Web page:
The effect of tonic pain on processing the non-painful stimuli indexed by late components of event-related potentials
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Event-related potentials (ERPs) evoked by light flashes and auditory tones in a standard odd-ball procedure were recorded from Fz, Cz and Pz scalp sites. Tonic pain was evoked by immersion of the hand in cold water (5oC). Significant effects of pain were found in responses to target stimuli but not in responses to non-target stimuli. P300 wave was affected more than the earlier P200 component. The reduction of P300 amplitude was the strongest effect, both in auditory and visual tests. P300 latency was not significantly affected. Difference curves (target minus non-target ERPs) showed the additional effects: latency of P200 component was elongated and its amplitude enlarged but only in auditory experiments. In control experiments with warm water stimulation no significant alterations of P300 or P200 components were found. The results show that the effect of tonic pain is specific: it predominantly affects the processes that manifest themselves as amplitude changes of P300 components in responses to target stimuli.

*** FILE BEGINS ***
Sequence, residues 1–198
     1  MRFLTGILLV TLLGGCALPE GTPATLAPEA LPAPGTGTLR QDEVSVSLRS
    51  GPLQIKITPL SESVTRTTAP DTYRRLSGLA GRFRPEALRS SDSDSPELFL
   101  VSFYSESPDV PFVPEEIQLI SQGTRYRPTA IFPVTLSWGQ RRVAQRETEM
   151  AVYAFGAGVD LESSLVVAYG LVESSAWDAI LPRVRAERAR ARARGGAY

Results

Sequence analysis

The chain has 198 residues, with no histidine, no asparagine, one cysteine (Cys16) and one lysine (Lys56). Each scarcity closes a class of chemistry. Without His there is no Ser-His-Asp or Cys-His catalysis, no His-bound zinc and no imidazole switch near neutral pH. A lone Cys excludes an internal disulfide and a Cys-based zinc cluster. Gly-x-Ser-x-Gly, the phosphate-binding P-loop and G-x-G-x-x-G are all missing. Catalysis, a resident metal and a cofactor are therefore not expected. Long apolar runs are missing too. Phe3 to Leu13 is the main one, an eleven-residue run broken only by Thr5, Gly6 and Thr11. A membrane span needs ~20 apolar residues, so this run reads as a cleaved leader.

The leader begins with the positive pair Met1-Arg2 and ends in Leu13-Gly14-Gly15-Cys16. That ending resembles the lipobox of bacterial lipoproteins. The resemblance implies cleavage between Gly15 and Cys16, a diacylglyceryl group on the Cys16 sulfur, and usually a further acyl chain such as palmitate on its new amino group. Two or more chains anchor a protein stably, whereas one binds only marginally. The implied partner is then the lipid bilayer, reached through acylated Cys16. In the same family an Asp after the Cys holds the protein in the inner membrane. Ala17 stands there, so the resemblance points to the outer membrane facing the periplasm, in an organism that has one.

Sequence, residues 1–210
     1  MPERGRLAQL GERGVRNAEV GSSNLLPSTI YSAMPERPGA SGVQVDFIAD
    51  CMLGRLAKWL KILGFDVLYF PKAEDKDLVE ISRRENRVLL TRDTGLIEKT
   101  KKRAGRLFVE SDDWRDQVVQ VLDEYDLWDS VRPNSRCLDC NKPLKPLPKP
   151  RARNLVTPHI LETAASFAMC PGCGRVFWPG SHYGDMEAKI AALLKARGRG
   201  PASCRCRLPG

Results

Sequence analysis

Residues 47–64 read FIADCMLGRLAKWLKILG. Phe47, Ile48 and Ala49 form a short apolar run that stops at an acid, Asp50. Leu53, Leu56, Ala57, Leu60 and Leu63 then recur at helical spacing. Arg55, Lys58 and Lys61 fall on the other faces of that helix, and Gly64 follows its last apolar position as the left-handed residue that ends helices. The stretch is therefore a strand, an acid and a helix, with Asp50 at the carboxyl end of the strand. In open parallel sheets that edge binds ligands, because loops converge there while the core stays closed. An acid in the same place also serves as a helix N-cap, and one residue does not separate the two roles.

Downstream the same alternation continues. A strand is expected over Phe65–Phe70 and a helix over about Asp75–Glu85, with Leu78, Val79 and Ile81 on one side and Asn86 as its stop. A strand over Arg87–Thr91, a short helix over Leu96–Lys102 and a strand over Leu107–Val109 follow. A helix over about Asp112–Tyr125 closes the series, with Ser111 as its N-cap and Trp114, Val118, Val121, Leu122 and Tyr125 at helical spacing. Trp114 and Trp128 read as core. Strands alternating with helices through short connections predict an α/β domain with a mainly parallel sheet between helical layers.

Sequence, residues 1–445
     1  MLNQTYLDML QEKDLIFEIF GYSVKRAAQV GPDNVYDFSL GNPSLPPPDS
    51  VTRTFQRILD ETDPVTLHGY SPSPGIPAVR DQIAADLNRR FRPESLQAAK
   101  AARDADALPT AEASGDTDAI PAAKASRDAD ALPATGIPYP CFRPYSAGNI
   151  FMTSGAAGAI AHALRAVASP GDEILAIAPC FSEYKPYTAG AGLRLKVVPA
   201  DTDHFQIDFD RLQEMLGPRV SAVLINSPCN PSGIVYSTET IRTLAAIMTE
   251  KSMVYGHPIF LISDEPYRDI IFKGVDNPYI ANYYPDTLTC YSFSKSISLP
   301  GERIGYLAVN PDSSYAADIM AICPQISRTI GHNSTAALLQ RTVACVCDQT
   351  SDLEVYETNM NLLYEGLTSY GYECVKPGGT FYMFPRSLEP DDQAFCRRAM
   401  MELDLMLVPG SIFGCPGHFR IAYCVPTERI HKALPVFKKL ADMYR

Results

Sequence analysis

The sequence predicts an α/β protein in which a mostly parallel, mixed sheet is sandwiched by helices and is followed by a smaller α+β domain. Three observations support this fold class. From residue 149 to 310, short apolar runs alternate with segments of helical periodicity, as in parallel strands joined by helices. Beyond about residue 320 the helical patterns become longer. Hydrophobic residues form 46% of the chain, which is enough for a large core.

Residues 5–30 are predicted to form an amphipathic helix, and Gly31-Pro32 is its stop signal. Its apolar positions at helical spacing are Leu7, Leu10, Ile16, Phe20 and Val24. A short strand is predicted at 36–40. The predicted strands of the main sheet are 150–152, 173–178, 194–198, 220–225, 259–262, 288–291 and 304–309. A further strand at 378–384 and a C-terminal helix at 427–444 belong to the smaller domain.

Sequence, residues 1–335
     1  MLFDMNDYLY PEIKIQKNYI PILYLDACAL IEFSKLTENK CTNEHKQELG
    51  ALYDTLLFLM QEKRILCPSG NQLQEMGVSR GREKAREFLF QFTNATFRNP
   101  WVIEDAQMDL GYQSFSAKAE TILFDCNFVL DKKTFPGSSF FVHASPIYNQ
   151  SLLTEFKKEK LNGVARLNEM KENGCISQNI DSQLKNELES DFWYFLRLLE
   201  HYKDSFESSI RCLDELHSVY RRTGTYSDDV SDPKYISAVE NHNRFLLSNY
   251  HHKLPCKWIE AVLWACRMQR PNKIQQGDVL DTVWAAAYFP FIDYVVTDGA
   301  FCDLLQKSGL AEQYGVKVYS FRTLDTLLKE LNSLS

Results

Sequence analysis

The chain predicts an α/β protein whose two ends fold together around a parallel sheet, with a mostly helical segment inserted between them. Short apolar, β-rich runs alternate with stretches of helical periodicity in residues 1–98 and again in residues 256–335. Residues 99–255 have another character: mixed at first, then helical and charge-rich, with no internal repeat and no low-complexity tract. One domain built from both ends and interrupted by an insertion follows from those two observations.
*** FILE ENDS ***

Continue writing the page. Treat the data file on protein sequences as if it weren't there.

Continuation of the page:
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A.Michalski, Department of Neurophysiology, Nencki Institute of Experimental Biology, Polish Academy of Sciences 3 Pasteur St., 02-093 Warsaw, Poland, Email: firstname.lastname@example.org